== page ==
Less Then I Expected

This week I received a disappointing email, a marketing message from a person who describes herself as a coach in the areas of writing, publishing, and marketing books. It was the subject line that disappointed me:

Would You Rather Cuddle Up With a Good Book Then Market It?

Someone who makes her living with words ought to recognize that mistake immediately. The word then should have been than.

The then/than mistake comes up regularly in the business writing classes I teach. I offer this easy way to recognize the correct choice, then or than:

If you are making a comparison, choose than.

Examples:

Do you like your new computer more than your old one?
The drive was longer than he had realized.
The house is smaller than I remembered.
This is a question of style rather than substance.
We need solutions rather than excuses.
When you learn to write better, you improve much more than a skill.
He would rather write than edit.
Seattle has cooler summer weather than Spokane.
I would rather curl up with a good book than market it.

Those examples illustrate comparisons between computers, a drive and an expectation of it, a house and a memory of it, style and substance, solutions and excuses, etc.

Whenever your expression uses rather or a comparative word such as more, less, older, farther, clearer, etc., your correct choice is than.

If you are not making a comparison, the correct word is then. Then shows time, sequence, or consequence.

Time: The doorbell rang then.
Sequence: First organize your thoughts; then write a draft.
Consequence: If you eat too much, then you will feel sluggish.

Of course, my title for this post contains an obvious error. I hope you caught it. But if you have trouble recognizing the right word in confusing word pairs, see my guide "60 Quick Word Fixes." It explains affect/effect, discrete/discreet, principal/principle (which many people use incorrectly!), and many other tricky word pairs.

Lynn
Syntax Training

8 COMMENTS

  1. When I first read the excerpt, the use of “then” struck me as awkward not because of the confusion with the correct version of the word, “than”, but because I would have used the word “or” instead. It would come more naturally in speech to use “or”, since “rather” seems to propose alternatives when used in a question. However, when using “rather” in the first person (“I would rather use the word ‘or’ than ‘than’.”), I do use “than”. Webster.com defines “rather” as “more willingly” or “more readily”, showing that “rather” is a comparative word. This would naturally pair it with “than” instead of “or”. I don’t claim to be an expert writer. (This posting alone probably has a million errors in it.) Is it incorrect to use “rather” with “or” when posing a question such as the one quoted?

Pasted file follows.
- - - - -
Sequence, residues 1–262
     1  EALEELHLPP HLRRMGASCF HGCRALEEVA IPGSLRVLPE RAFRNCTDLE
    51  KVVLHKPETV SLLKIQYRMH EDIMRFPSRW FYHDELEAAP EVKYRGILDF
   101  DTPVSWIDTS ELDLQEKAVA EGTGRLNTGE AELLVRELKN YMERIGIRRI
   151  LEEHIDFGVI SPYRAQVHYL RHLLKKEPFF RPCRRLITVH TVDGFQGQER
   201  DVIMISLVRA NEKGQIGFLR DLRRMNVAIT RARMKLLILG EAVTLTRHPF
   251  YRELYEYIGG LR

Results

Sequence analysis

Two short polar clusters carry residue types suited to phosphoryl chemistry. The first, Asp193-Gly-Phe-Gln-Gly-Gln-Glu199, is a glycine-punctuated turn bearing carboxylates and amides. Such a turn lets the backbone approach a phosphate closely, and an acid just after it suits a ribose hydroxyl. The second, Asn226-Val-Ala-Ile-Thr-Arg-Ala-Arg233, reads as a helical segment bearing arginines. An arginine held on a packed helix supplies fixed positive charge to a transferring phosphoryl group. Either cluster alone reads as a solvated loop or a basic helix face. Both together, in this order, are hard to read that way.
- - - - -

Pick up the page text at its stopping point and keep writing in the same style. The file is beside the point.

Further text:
2. Hi, Julie. Thanks for asking this interesting question. The word “or” is correct, but it suggests something different.

    In the original quote (“rather cuddle up than market”), the writer was making the point that authors have to market their books (or someone has to market them), yet many authors prefer to cuddle up with books instead.

    Using “or” doesn’t convey the same tension between the choices. It asks a simple question: “Which do you prefer?”

    Compare these two questions:

    “Would you rather die than give a speech to a thousand people?”

    “Would you rather die or give a speech to a thousand people?”

    The difference between the two is clear. There is a similar difference between the rhetorical “rather curl up than market” and the same question with the word “or.”

    Make sense?

    Lynn

  3. thank god!
    I am a spanish copywriter with international clients and I when looking to worldwide campaigns see SO many ‘then’ instead of ‘than’ that I was wondering if maybe it was me that was wrong!
    Thank you for the explanation!
    Such a usefull blog!

    Virginia

  4. Less then and more then comes up regularly everywhere. I ran into this error a lot talking to people via the internet. It could be a chat, a webboard message, or even in email. I personally think it is not grammatically intentional. It feels more like a typing error caused by the fingers’ being used to type the word “then” so when it’s time to type “than,” some people unconsciously type “then” instead.

    It’s still an unacceptable error to be left in a formal e-mail though. Should have proofread it and detected it before sending.

    Thanks for the good article! I was looking up about why “less then” is a very common error. Funny to know that a professional person makes this error too.

  5. Hello, Orawadee. Thank you for stopping by and commenting.

    I agree that sometimes “then” is a typo. In classes, though, people frequently tell me they are not sure of the difference between “then” and “than.”

    I think that even in online chat people should use “then” and “than” correctly, especially if it is work-related chat. Even online, typos and incorrect spellings can detract from the message and one’s professional image.

    Again, thanks for sharing your view.

    Lynn

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